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‘Class’ Act: Director Laurent Cantet’s ‘The Class’ Hits Disc Aug. 11

1 Jun, 2009 By: Billy Gil

The Class

Director Laurent Cantet wrote Oscar nominee The Class with the help of the film’s inspiration, François Bégaudeau, who also stars in the film as a version of himself — a teacher at a rough Parisian school who encourages his children to speak in class. The film hits DVD ($28.96) and Blu-ray Disc ($38.96) Aug. 11 (prebook July 9) from Sony Pictures Home Entertainment.

The film, based on Bégaudeau’s book Entre les murs (in English, “between the walls”), takes a docudrama approach in which the crew cast actual Parisian students and then created their characters with the students themselves. Acting workshops were employed for a year before The Class began filming, and those workshops appear on the Blu-ray Disc.

“This film has really been done in a experimental way in that we didn’t know exactly what would happen when we started the workshop,” Cantet said. “We didn’t even have 1 Euro to make the film and just wanted to see what would happen.”

What happened is that the film was made with striking authenticity, in a freewheeling style that causes the viewer to often forget it is a film, much less a dramatic interpretation rather than a documentary. The film went on to become an international success, winning the Palme d’Or at the 2008 Cannes Film Festival, and was a nominee for the 2009 Academy Awards.

Cantet said great care was taken in creating the film’s subtitles. Since the film details a French grammar class, the parts of the film that dealt with lessons taught to the children had to be reconfigured to make sense for the English language, changing the meaning of what was being said to something that English speakers could relate to.

“For example, one of the main themes of the film is based on the subjunctive perfect, which is a tense that isn’t very much used in France,” Cantet explained. “Of course, that doesn’t mean anything to an English-speaking person, so we had to find another way to build the scene in English. That was quite interesting.”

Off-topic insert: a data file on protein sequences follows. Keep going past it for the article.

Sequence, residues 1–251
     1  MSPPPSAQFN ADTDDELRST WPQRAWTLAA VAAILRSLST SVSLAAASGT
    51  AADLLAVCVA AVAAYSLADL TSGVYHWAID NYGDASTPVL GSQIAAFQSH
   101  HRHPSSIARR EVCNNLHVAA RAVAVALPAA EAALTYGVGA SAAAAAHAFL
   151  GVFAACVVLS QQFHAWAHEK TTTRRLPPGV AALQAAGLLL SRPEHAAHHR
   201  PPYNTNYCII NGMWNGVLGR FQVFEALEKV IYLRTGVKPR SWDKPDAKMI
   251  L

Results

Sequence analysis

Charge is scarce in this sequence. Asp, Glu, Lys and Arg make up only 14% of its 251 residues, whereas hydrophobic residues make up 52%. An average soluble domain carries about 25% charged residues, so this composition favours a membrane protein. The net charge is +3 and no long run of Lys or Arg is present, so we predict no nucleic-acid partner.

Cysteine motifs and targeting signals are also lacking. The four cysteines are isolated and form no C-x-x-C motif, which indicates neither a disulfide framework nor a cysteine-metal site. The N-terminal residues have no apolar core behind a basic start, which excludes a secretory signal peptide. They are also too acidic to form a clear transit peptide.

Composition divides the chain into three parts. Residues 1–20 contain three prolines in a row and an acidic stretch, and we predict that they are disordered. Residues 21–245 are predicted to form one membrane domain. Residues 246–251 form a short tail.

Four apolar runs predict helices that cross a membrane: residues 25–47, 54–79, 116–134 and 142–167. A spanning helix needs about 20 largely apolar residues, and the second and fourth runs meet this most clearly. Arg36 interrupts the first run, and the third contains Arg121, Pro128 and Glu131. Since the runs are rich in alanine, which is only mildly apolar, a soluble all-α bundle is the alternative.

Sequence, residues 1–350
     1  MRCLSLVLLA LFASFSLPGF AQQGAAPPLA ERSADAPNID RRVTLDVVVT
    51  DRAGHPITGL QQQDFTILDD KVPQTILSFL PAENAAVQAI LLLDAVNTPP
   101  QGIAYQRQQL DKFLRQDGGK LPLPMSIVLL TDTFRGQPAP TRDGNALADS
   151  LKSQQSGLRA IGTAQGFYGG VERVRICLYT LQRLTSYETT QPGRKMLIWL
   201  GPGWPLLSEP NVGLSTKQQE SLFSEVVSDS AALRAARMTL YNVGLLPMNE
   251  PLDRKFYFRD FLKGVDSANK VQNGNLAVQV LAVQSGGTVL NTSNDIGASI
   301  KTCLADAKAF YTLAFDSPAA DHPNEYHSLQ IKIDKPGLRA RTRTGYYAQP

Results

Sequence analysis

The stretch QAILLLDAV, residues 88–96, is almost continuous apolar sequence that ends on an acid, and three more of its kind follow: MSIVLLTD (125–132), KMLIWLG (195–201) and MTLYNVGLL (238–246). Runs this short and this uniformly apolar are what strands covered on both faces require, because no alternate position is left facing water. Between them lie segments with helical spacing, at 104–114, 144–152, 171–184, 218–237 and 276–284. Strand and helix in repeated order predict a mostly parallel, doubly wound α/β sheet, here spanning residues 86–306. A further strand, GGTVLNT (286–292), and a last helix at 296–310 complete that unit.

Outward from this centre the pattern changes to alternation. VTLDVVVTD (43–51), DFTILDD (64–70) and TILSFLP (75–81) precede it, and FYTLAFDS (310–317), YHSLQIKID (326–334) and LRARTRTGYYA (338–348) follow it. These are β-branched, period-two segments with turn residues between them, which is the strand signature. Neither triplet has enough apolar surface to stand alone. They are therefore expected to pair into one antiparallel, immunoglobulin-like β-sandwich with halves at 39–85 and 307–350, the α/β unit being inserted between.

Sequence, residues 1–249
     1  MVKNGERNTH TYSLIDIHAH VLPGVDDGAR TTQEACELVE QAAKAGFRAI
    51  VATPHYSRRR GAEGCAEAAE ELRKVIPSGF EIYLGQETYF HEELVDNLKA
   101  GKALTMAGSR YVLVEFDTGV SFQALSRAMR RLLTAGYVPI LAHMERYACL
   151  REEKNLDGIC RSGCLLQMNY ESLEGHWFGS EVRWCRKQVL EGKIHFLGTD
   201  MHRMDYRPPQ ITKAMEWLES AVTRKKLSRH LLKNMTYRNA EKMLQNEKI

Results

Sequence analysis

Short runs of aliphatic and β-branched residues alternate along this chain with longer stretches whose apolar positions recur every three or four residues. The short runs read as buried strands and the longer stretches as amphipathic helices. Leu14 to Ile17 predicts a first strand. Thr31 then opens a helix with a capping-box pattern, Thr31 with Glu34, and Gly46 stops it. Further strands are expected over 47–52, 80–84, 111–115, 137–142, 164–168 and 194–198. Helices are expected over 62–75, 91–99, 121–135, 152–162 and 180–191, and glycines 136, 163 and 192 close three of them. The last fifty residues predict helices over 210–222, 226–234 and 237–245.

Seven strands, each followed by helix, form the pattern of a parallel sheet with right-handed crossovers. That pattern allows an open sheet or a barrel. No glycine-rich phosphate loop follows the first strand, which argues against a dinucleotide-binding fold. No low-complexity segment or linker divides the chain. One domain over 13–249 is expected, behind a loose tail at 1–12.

Not all were taken with Cantet and his crew’s exploration of what happens when a teacher in such a school allows his students to voice their opinions in an occasionally boisterous manner.

“In France a lot of teachers loved the film and recognized it, but some of them refused it really because I think they were looking at the film as a documentary film that would show the entire year in a class, and the film is not that at all,” Cantet said. “I chose some moments in a year, and the moments I chose are where the teacher accepts the discussion with the children.

“Those who didn’t like the film always say, ‘They are always talking in this class. They are never working.’ What could I answer to that, other than that … I was not making a documentary film about French grammar?”

Cantet has another theory about why some teachers have a negative reaction to the film.

“When you have 25 children asking you questions, you don’t really have time to think of the consequences of what you are saying, and something you say one word you shouldn’t say, or you have one reaction you shouldn’t have, and that’s what a lot of teachers experience,” he said. “I think the teachers who didn’t like the film didn’t want the parents to see what was happening in the class. They would have preferred to keep that to themselves.”

The Class DVD and Blu-ray discs contain a making-of featurette and commentary on select scenes from Cantet and Bégaudeau, while the Blu-ray also has the rehearsal session with the children as well as self-portraits in which the young actors interview themselves in order to develop their characters.

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